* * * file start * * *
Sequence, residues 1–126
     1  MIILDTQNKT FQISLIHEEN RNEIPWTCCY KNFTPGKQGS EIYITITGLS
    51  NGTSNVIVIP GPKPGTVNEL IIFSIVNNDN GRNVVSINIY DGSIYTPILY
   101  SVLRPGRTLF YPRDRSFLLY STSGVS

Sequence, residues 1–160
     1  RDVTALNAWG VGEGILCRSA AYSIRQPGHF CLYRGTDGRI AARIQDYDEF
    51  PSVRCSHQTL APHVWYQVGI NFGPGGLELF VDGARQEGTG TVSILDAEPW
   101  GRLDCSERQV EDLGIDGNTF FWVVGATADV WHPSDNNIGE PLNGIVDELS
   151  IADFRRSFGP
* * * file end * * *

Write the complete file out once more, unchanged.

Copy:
Sequence, residues 1–126
     1  MIILDTQNKT FQISLIHEEN RNEIPWTCCY KNFTPGKQGS EIYITITGLS
    51  NGTSNVIVIP GPKPGTVNEL IIFSIVNNDN GRNVVSINIY DGSIYTPILY
   101  SVLRPGRTLF YPRDRSFLLY STSGVS

Sequence, residues 1–160
     1  RDVTALNAWG VGEGILCRSA AYSIRQPGHF CLYRGTDGRI AARIQDYDEF
    51  PSVRCSHQTL APHVWYQVGI NFGPGGLELF VDGARQEGTG TVSILDAEPW
   101  GRLDCSERQV EDLGIDGNTF FWVVGATADV WHPSDNNIGE PLNGIVDELS
   151  IADFRRSFGP